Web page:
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Kochland

By: Christopher Leonard
Narrated by: Jacques Roy
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Summary

Shortlisted for the 2019 Financial Times & McKinsey Business Book of the Year.

The extraordinary account of how the secretive Koch Industries became one of the largest private companies in the world.

Koch Industries, the sprawling industrial conglomerate owned by Charles and David Koch, specializes in the kinds of stunningly profitable businesses that undergird every aspect of modern life: it controls the nitrogen fertilizer that puts food on your table, the gasoline that powers your car, the fibres in your clothes, the building materials that make your homes and offices, and the microchips that drive your life online.

For five decades, CEO Charles Koch has kept Koch Industries quietly operating behind a veil of secrecy, with a view toward very, very long-term profits. He’s a genius businessman: patient with profits, able to learn from his mistakes, determined that his employees develop an almost a worshipful dedication to free-market ruthlessness, and a master disrupter. 

If you want to understand how we killed the unions in this country, how we widened the income divide, how we stalled progress on climate change and how corporate America bought the influence industry, all you have to do is listen to this book.

Seven years in the making, Kochland tells the ambitious tale of how one private company consolidated power over half a century – and how in doing so, transformed capitalism into something that feels so deeply alienating to many Americans today. 

©2019 Christopher Leonard (P)2019 Simon & Schuster

Critic reviews

"A landmark book.... A massively reported deep dive into the unparalleled corporate industrial giant Koch Industries.... This impressively researched and well-rendered book also serves as a biography of Charles Koch, with Leonard providing an evenhanded treatment of the tycoon. Leonard's work is on par with Steve Coll's Private Empire and even Ida Tarbell's enduring classic The History of the Standard Oil Company." (Kirkus Reviews)

"Leonard’s superb investigations and even-handed, clear-eyed reportage stand out.... American capitalism at its most successful and domineering is at the center of this sweeping history of a much-vilified company." (Publishers Weekly)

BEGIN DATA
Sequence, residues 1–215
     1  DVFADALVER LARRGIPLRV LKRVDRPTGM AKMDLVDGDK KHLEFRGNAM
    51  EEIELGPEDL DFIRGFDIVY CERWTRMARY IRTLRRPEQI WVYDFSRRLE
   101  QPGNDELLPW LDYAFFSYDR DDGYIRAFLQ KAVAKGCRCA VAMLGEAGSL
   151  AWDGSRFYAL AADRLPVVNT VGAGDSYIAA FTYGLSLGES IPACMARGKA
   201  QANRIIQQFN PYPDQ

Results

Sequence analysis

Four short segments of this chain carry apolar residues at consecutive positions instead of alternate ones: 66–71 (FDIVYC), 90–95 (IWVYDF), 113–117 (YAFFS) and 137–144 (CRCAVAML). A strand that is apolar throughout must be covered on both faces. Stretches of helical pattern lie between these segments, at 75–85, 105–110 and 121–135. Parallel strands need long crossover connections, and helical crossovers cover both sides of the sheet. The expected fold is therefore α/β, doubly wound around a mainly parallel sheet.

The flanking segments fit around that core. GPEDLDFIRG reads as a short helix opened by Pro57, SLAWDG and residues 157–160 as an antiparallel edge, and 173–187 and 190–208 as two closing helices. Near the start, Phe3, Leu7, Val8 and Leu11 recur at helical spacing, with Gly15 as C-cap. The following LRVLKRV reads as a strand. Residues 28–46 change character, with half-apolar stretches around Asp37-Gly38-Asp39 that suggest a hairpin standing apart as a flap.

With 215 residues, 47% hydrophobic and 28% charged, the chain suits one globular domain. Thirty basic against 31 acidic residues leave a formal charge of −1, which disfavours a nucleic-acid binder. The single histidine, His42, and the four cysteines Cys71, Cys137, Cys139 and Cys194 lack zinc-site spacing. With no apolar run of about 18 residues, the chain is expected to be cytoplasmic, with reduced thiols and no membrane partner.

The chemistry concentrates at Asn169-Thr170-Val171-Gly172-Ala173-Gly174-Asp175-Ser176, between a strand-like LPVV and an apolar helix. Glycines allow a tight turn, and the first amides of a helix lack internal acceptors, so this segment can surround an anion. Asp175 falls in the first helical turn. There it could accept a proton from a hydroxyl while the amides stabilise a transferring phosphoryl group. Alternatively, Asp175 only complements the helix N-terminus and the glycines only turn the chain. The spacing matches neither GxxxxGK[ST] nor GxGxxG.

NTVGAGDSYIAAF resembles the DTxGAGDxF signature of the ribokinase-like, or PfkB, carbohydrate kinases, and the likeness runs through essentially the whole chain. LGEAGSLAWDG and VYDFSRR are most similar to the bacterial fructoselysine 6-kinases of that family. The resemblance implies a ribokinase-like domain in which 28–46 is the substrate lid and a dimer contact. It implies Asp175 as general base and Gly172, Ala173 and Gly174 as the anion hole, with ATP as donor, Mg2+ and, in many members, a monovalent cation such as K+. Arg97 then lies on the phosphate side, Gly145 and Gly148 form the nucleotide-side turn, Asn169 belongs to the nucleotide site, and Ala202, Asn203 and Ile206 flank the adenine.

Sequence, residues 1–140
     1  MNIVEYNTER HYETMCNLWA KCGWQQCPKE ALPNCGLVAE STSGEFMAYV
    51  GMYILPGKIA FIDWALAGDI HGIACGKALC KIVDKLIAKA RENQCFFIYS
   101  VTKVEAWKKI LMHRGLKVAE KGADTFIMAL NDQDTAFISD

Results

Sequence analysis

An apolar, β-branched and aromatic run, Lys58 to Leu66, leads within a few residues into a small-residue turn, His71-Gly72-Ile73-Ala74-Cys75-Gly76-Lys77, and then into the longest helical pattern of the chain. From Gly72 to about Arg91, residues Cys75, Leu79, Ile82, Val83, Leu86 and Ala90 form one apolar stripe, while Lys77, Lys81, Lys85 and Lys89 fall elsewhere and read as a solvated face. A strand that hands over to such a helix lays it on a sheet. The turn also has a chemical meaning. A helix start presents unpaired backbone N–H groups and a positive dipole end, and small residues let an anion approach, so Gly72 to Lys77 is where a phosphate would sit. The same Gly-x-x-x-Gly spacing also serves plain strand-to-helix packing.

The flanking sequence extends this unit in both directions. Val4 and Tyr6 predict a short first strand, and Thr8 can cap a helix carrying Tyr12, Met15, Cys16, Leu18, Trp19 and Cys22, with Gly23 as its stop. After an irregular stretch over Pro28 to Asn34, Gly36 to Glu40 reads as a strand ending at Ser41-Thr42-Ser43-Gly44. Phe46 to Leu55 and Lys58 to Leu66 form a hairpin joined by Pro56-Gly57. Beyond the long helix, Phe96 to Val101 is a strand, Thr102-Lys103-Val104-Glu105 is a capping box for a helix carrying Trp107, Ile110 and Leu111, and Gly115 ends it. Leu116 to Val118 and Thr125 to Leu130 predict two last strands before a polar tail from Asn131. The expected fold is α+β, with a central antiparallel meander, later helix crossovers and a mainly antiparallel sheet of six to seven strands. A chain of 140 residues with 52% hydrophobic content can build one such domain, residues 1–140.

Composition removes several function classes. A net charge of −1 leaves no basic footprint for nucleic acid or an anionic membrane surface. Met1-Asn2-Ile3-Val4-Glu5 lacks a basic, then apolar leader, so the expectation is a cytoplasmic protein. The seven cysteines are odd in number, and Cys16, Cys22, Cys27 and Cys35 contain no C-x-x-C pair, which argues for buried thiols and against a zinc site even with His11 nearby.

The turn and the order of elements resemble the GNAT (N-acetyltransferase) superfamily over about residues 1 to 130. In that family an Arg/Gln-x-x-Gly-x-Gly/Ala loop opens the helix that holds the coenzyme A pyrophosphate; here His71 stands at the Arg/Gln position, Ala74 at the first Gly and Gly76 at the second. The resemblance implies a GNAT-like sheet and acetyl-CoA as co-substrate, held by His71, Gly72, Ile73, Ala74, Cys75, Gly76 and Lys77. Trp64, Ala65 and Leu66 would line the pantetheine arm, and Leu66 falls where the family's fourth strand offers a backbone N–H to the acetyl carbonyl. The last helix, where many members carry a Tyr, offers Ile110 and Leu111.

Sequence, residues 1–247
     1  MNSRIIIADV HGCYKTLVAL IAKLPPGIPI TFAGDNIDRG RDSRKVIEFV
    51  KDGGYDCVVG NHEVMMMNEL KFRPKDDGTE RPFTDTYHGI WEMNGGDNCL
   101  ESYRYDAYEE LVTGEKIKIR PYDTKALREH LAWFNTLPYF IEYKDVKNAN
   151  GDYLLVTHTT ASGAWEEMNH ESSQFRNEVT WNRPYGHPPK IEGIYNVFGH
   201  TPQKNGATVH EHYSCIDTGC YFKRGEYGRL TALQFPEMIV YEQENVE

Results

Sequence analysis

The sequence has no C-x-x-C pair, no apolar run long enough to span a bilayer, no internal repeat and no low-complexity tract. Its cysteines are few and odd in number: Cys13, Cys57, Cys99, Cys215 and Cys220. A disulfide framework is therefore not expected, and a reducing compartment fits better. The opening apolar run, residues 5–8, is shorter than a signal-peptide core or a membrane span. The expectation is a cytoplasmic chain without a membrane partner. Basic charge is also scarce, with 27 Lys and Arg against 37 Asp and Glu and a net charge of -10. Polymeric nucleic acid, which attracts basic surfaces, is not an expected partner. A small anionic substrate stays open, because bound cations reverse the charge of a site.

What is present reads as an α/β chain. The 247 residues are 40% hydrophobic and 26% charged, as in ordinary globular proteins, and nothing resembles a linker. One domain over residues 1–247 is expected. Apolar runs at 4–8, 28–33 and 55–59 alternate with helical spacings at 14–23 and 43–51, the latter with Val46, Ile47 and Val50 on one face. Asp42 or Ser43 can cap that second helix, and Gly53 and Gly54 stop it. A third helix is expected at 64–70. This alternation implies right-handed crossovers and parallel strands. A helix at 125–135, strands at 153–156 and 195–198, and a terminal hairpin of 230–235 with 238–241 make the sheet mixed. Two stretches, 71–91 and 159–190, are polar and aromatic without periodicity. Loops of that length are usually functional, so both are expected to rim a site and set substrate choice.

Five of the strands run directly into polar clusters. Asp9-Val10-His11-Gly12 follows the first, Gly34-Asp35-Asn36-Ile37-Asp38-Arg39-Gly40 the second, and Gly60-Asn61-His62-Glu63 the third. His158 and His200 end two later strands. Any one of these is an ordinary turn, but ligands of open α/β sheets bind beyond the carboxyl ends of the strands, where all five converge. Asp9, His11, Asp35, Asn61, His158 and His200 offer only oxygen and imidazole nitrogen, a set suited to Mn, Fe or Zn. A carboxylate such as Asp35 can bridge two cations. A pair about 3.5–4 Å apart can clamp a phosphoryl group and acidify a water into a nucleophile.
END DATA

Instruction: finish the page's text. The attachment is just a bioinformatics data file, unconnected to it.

"If you want a crash course in the evolution of postmodern capitalism over the last five decades read Kochland.... Leonard's study is exhaustive and engaging." (New York Journal of Books)

What listeners say about Kochland

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Fascinating, well researched, well written

I thought this might be too long to keep my interest, but it certainly did.
The book paints a broad picture of the Koch family, their empire, and their involvements in business and politics. This must have taken massive research effort, but the story is well told.
Btw, I listened at 1.7, and the narration lost nothing.

5 people found this helpful

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Interesting but long

A good insight on how Koch has shaped American politics with lobbyists and ‘think tanks’. It’s a bit long and unnecessarily so, but it’s a good story.

4 people found this helpful

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Interesting but a bit long winded

Well read, but sometimes delves into irrelevant detail. Some interesting facts, but needs some persistence to get through.

1 person found this helpful

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Fascinating

Such an interesting audiobook which looks at Koch brothers. The effects of a company like this has on modern life can't be overstated and its definately worth a listen.

1 person found this helpful

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Heartless.

The epitome of how to get rich and alienate people.
How one man's visionary tactics in the business world turned the American dream into a nightmare for everyday American citizens.

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A great investigation

Superbly researched and very well read. I had never heard of Koch industries or its industrial might. Turns out that Charles Koch and his political machinations is a man who deserves such a thorough expose. Greed is not too strong a word. It's a long book and the audio version
works really well. Thoroughly enjoyed.

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Shocking and depressing but it's important

what a depressing book in parts, excellently researched and well read but Charles Koch does not come across as a man I admire.

He has a striking inability to understand anything outside of his own self interests, society, redistribution of wealth and social services are an anathema to him.

Incredible he has built such an empire with such a fatal flaw, I hope Koch significantly changes over time or becomes no more.